Tagged With womens health

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Two women with cancer - one already deceased - lost lawsuits against talcum powder makers recently after a judge determined that they hadn't proved the powder caused their cancer. So does the stuff cause cancer or doesn't it? Turns out that's a hard question to answer.

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Childbirth injuries are no fun. These are our tenderest bits we're talking about here, places we generally want to be treated with kindness and respect. But what do hefty little babies know about kindness and respect? Not much. They're coming out, by hook or by crook, and it can feel like they actually used a hook and a crook while fighting their way down the chute.

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Gwyneth Paltrow used to be best known as an actress, but in the last decade she's built an even bigger reputation as a health guru. Her newsletter venture, Goop, peddles an enviable lifestyle -- travel, fashion, anything that looks gorgeous in photographs -- but with a central message of living a clean, healthy life.

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Video: It's totally normal to have vaginal discharge, a sort of whitish fluid, showing up in your underwear (if you are a person who has a vagina). But if you're seeing a lot of it, you may wonder, how much is OK? In this video, gynaecologist Dr Jen Gunter demonstrates.

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The theory that close friends have their periods at the same time is over 40 years old now, but there has never been much evidence to support it. The people behind the period tracker Clue checked their own data recently and came up with another nail in the coffin: Zero evidence that closeness makes people bleed in sync.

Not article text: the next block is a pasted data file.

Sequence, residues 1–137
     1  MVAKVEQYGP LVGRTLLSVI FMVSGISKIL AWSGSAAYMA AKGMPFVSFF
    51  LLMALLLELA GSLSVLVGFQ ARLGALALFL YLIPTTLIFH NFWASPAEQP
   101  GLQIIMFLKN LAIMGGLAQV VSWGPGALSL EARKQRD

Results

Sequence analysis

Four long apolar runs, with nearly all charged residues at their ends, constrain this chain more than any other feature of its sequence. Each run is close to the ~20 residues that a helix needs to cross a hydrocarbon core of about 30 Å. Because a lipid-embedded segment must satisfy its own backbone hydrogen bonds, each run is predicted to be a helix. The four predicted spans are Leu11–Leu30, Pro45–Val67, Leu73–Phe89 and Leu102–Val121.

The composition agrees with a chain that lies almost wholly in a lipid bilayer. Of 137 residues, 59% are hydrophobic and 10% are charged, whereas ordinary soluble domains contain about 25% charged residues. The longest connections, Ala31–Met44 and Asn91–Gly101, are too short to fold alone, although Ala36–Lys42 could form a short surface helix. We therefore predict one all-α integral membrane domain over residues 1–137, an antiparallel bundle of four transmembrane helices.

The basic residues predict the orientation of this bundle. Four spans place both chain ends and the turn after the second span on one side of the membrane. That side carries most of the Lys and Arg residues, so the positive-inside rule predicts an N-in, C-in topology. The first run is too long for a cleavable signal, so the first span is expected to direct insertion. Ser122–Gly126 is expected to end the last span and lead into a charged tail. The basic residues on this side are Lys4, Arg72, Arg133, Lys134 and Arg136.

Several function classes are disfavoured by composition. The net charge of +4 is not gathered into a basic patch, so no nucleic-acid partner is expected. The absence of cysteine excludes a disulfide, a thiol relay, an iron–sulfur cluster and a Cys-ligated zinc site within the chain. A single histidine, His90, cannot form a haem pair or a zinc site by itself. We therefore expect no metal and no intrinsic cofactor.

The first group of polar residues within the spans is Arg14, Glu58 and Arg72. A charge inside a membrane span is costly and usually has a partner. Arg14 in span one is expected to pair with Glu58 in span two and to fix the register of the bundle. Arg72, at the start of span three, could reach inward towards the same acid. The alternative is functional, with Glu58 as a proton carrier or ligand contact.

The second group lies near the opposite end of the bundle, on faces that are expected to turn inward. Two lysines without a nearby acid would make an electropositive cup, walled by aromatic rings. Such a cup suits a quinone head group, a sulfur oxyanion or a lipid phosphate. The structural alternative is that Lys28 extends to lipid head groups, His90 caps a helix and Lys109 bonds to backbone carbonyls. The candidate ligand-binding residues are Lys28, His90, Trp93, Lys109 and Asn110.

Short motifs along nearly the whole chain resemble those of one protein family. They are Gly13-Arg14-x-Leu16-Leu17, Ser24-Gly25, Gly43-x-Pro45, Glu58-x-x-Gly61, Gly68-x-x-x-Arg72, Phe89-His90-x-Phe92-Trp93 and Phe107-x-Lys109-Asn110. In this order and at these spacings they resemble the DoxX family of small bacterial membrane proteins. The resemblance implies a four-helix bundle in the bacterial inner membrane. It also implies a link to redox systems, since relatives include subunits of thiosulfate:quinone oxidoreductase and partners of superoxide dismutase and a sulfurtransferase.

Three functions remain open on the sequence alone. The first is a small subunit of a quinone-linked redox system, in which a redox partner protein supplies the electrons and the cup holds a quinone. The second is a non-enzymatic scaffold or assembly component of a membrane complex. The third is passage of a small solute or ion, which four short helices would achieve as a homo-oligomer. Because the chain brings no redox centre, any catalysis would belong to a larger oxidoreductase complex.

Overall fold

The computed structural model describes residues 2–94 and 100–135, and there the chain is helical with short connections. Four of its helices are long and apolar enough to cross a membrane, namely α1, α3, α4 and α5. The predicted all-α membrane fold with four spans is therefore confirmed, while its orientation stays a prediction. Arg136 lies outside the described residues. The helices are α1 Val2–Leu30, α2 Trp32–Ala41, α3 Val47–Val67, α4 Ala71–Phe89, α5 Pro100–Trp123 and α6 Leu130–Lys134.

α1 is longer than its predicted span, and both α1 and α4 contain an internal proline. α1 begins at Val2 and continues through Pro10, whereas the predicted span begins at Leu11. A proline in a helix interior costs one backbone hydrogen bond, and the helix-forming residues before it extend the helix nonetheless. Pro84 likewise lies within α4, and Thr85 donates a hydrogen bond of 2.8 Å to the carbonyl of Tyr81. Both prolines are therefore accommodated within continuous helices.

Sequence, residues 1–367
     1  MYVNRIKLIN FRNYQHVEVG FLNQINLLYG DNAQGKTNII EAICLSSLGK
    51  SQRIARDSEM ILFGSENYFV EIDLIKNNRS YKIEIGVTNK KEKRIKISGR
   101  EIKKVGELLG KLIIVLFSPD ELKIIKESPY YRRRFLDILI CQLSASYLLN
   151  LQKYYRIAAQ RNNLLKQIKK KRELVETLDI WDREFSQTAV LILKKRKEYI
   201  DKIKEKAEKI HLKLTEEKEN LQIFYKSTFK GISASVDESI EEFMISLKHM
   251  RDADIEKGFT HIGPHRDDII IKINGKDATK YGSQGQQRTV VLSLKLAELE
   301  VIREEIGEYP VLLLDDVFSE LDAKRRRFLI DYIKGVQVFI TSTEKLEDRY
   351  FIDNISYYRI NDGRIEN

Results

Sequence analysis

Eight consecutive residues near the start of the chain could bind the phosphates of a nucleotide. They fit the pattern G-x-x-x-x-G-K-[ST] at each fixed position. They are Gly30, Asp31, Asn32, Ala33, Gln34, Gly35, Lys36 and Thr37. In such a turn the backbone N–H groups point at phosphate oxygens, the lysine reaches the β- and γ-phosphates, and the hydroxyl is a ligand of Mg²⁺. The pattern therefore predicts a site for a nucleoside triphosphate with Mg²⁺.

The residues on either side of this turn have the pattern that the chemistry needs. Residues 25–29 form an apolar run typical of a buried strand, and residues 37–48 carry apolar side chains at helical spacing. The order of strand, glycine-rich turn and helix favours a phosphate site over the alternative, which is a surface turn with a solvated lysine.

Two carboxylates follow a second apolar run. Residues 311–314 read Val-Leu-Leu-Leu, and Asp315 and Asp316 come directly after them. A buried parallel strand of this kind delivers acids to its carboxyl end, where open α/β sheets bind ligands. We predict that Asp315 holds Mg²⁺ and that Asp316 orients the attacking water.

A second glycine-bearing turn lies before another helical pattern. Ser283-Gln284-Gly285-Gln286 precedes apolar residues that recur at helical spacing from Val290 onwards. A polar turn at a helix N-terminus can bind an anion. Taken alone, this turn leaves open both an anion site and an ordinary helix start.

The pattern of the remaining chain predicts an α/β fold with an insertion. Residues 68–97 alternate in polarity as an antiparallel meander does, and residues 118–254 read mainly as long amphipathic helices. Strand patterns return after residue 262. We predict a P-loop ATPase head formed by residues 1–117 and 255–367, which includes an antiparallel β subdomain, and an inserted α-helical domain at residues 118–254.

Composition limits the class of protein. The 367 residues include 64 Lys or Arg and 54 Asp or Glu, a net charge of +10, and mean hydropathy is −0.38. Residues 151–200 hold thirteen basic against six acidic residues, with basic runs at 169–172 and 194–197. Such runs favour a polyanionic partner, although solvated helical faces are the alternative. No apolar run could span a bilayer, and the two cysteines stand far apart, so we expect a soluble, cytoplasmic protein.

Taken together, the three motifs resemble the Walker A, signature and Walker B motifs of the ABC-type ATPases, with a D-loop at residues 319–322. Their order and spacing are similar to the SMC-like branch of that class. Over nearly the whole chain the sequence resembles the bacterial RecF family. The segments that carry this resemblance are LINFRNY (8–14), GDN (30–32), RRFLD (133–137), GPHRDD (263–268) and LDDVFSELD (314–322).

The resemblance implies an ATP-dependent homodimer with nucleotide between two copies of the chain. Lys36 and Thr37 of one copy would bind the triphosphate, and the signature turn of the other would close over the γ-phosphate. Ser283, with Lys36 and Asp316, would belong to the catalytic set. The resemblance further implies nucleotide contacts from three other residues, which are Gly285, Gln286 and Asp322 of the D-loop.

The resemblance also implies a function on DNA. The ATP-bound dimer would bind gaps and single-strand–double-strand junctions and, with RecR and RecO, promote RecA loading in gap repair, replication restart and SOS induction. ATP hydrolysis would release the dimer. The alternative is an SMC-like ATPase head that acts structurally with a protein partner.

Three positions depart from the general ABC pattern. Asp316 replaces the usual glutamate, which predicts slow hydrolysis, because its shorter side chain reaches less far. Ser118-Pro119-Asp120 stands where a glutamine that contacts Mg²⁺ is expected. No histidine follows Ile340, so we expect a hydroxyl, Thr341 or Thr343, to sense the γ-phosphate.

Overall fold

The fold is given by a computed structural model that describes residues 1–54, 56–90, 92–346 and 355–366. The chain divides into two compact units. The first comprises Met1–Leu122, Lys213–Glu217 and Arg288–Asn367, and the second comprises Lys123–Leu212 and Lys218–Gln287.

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Birth control pill packs typically include a week of placebo pills, without any hormones. If you skip those pills and start the next pack immediately, you can skip your period. Whether you want to do this is up to you -- it may seem weird, but there's no reason to believe it's harmful.

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You may have heard people suggesting that if you want to be sure you'll have birth control for the next four years, you should book your IUD insertion appointment now. You may not have considered an implant when choosing your birth control, but don't dismiss the idea out of hand.

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V-juice, vovey-goo, vu-dew… there are many ways to describe the natural fluid that comes out of the vagina. It varies in consistency, texture, smell, taste and volume in the same woman from day to day, week to week, month to month and beyond. So what's "normal" vaginal discharge and what’s not? We take a look at the science.

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"Are you having an ultrasound?" the midwife asked, at my first appointment. I thought there had been a miscommunication: Nobody had told me whether I would have one. "Well, it's up to you," she said. She could explain the pros and cons, but the decision was mine. Welcome to the midwifery model of care.

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If you're using a personal lubricant, either for sexy times or for something mundane like inserting a menstrual cup, you probably aren't thinking about whether it's potentially unhealthy for you. But some lubes on the market are best left untouched -- and not, as Gwyneth Paltrow's GOOP suggested, because they're "toxic".

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Some of the people who need emergency contraception the most are the people who might be the most embarrassed (or have the hardest time) going and buying it themselves. What you might not realise: since it's over the counter, you -- as a friend, partner, or parent -- can do that person a favour and buy it for them.